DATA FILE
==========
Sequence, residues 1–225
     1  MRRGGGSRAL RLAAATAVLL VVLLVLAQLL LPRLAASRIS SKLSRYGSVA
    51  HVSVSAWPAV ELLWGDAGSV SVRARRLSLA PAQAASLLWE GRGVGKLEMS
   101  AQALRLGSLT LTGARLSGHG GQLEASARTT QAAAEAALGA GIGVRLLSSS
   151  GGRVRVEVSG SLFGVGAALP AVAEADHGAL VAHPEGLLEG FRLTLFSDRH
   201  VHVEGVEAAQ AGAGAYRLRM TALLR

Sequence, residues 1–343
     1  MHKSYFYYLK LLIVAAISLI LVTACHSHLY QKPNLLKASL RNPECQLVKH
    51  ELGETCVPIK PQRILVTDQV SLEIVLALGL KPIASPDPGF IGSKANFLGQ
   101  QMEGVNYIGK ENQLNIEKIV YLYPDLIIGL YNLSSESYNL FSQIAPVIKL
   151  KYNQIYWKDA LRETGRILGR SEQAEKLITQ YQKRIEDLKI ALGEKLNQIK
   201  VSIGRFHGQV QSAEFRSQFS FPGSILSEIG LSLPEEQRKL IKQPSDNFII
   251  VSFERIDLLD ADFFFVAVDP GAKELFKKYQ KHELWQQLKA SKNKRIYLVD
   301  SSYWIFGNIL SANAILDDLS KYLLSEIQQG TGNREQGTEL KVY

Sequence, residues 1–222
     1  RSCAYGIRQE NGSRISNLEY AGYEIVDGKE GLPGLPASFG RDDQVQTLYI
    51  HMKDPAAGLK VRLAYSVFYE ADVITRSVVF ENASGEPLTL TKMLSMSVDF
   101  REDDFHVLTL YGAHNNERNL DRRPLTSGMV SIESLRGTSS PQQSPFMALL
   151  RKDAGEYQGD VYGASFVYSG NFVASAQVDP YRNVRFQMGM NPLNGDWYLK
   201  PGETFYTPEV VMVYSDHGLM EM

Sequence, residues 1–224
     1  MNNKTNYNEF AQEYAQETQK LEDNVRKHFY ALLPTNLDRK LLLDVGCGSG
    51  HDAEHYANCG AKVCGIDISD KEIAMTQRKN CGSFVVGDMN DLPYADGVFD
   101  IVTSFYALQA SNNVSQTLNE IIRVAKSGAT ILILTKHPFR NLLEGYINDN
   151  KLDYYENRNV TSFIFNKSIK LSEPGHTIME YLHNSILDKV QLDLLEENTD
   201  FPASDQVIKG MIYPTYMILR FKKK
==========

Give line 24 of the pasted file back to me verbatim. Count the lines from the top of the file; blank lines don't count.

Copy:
   101  IVTSFYALQA SNNVSQTLNE IIRVAKSGAT ILILTKHPFR NLLEGYINDN